Dying never felt so good

Here’s a little tidbit that we all seem to have forgotten in recent years: video games are supposed to be hard. I don’t mean control-throwingly unbeatable, or “save points every six hours” impossible, but hard in a genuinely challenging – but eventually conquerable – way.

With Wayward Souls, Rocketcat Games has gotten “hard” down to a science.

Wayward Souls

Building off of the gameplay of 2011′s exceptional Mage Gauntlet, Wayward Souls is a roguelike-like action game that pits players against an increasingly challenging horde of enemies as they descend floor-by-floor for as long as they can survive.

Like any good roguelike, the object of the game isn’t to win so much as it is to gather as much as you can to upgrade your hero and try again. Initially players will have three characters to choose from – a warrior, a mage, and a rogue (of course) – each with their own unique play-style and upgrade options. Your warrior, as you can probably guess, is your melee fighter. The mage does ranged damage, and the rogue – while somewhat similar to the warrior – is great at sliding past enemies to give them a quick stab in the back.

Other elements, like differing consumable special attacks, in-game weapon forges for their unique gear, and character-specific upgrade options, give each class a truly unique feel. And if three class choices aren’t enough for you, you’ll unlock more as you reach certain milestones in the game, bringing the grand total to six playable characters.

Wayward Souls

I wish I could comment on each one, but at this point I’ve only managed to unlock the Adventurer – because again, this game is HARD.

Still, it’s a fair kind of hard. The kind that leaves you feeling wholly accomplished once you’ve reached a new floor for the first time or pushed through an entire environment. It took me countless deaths and hours to eventually beat the boss of The Mines – the game’s first environment- but once I did, I felt like I could take on the world.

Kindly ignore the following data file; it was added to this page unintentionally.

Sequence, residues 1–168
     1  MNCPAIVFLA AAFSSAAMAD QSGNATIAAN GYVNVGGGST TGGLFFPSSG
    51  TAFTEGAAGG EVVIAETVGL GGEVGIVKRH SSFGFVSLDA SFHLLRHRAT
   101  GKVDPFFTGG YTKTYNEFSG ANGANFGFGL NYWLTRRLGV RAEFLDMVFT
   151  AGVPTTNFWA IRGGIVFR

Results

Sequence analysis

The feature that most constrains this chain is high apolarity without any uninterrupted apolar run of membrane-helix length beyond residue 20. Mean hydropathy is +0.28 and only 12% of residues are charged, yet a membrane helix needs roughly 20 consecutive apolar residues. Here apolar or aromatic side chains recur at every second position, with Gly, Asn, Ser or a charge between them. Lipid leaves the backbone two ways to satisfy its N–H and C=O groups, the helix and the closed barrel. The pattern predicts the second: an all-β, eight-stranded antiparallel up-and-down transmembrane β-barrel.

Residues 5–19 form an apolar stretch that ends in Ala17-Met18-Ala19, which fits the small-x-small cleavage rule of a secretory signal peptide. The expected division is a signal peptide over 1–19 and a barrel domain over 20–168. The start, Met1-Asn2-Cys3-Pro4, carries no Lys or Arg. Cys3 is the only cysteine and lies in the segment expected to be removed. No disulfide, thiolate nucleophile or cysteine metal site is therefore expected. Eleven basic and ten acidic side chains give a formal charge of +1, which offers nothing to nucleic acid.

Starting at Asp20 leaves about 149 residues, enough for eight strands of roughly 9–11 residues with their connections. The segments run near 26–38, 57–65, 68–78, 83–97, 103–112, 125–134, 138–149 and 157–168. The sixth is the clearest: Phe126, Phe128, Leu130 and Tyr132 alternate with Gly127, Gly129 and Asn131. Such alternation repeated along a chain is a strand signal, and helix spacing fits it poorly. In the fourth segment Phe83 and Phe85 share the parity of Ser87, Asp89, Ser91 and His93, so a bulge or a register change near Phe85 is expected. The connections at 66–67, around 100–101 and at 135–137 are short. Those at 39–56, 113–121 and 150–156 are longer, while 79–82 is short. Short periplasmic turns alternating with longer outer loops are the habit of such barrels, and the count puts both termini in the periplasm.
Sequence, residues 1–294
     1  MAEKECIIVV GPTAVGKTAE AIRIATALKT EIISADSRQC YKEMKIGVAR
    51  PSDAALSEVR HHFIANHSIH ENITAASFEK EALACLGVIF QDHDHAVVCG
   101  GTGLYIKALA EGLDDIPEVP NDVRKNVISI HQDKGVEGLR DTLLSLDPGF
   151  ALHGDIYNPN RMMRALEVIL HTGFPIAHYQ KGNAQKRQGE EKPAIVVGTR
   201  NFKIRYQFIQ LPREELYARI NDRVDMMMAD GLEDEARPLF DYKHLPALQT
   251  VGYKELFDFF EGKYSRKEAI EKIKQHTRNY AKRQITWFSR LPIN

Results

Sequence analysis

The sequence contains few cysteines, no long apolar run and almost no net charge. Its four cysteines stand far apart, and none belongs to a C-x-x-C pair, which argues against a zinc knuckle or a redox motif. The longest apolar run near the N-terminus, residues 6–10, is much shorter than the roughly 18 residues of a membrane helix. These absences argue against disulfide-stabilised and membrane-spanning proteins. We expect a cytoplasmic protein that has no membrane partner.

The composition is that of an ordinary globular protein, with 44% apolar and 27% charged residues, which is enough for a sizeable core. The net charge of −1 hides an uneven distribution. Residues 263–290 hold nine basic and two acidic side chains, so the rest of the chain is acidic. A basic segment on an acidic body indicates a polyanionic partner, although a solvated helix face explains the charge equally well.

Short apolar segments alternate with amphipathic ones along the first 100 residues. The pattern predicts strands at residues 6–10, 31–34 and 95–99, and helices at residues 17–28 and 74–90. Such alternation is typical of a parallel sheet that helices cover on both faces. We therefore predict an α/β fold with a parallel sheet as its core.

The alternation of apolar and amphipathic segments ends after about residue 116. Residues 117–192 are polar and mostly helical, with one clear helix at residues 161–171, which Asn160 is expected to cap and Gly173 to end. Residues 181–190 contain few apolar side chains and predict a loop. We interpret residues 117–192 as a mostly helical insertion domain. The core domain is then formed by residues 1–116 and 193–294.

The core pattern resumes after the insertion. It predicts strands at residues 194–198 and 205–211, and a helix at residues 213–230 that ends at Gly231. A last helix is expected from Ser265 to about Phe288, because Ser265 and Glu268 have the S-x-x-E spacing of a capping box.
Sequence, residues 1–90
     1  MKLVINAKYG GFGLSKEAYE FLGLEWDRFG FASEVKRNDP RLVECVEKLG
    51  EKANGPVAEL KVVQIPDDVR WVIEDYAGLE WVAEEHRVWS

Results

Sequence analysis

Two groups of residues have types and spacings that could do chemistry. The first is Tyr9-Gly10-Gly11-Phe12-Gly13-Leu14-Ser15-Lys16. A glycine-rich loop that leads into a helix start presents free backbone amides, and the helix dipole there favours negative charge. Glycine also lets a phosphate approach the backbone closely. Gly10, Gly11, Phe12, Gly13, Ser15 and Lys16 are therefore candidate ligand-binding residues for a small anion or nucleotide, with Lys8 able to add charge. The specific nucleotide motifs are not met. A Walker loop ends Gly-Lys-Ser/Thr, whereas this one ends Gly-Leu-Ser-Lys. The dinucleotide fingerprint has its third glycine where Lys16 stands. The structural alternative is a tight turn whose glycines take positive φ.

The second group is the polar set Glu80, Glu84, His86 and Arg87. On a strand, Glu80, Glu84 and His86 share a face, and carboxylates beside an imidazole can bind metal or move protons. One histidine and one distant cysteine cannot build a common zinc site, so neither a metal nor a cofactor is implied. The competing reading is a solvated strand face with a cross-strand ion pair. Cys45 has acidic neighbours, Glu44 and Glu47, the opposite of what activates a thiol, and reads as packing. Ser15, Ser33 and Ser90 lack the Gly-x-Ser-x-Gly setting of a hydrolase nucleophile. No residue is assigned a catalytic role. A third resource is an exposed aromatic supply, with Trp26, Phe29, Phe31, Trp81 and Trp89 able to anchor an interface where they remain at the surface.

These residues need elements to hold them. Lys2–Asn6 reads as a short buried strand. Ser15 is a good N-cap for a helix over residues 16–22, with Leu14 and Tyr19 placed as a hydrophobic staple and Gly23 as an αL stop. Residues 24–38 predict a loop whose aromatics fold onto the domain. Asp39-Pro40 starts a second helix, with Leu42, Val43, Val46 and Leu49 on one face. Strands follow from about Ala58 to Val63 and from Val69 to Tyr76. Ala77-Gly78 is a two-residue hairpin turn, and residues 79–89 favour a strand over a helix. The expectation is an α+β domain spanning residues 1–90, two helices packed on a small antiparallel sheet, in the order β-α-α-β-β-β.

And then I progressed to section two, The Tower, and quickly learned that I couldn’t even take on a lowly knight.

Feeding this sense of challenge is the Wayward Souls‘ surprisingly thoughtful enemy design. All too often games provide you with lunkheaded enemies that require little more than a quick stab to bypass. Wayward Souls is a game where each and every enemy type is unique. One might throw a boulder at you as you enter a room, only to follow up with some melee axe attacks. Another might disappear and reappear at a distance ready to hurl a blade your way. Mages, monsters, and more – every type of creature you’ll face in Wayward Souls has its own original design. Learning them all – and discovering new ones – is half the fun of the game (whether these discoveries lead to your death or not).

Wayward Souls

All of this could be marred if the controls weren’t spot on, but Wayward Souls manages to nail that classic SNES feel while still managing to use modern touch-screen controls. The “put your thumb anywhere” invisible d-pad works perfectly, and tapping on the right side initiates an attack. Swiping up or down with that right thumb activates your consumable specials. It’s as simple as that.

The game isn’t flawless mind you – the upgrades you’ll buy, for example, can really leave player wanting – but it’s close enough to flawless that we can forgive our few small grievances. Roguelike, roguelike-like, procedural death labyrinth – what you want to call it, Wayward Souls is one of the best examples of the genre you’re going to find on mobile. It’s the kind of game you’ll sit down to play one session of, and the next thing you know you’ve killed the battery on your phone.

In other words, it’s everything you want a mobile game to be.